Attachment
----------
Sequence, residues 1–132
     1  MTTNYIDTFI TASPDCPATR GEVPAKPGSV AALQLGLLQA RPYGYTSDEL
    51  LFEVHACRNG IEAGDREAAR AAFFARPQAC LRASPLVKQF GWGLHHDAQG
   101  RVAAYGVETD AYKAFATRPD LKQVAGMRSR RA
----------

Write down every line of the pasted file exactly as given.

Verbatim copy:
Sequence, residues 1–132
     1  MTTNYIDTFI TASPDCPATR GEVPAKPGSV AALQLGLLQA RPYGYTSDEL
    51  LFEVHACRNG IEAGDREAAR AAFFARPQAC LRASPLVKQF GWGLHHDAQG
   101  RVAAYGVETD AYKAFATRPD LKQVAGMRSR RA